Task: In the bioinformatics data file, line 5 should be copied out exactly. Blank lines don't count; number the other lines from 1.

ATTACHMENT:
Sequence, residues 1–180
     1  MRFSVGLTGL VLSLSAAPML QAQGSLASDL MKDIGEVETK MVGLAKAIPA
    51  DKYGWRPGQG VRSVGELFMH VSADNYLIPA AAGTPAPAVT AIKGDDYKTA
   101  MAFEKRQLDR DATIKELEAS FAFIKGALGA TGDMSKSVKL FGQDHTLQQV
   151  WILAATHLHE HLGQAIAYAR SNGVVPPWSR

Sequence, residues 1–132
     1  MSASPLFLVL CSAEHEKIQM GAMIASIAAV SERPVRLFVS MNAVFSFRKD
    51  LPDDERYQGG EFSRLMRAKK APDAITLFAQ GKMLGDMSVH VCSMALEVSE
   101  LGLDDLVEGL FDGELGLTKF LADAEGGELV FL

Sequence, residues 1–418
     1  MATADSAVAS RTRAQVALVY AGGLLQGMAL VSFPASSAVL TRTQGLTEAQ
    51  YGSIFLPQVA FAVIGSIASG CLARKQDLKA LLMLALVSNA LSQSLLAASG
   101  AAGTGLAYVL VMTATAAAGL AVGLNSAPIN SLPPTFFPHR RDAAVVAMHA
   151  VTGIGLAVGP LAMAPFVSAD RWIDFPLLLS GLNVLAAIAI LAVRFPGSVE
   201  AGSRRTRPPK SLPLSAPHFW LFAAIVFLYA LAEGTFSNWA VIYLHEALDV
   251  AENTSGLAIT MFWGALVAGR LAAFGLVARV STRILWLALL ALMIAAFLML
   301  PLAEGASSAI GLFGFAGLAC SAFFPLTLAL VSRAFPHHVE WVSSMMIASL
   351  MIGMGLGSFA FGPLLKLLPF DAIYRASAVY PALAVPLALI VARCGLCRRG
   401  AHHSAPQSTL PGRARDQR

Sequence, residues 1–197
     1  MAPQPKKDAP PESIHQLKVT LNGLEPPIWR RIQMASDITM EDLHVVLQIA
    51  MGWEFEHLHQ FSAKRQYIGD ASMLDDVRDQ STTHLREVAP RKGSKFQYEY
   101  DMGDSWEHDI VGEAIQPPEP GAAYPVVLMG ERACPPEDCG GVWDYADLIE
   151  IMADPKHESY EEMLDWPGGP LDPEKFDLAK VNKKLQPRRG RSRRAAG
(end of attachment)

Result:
   151  WILAATHLHE HLGQAIAYAR SNGVVPPWSR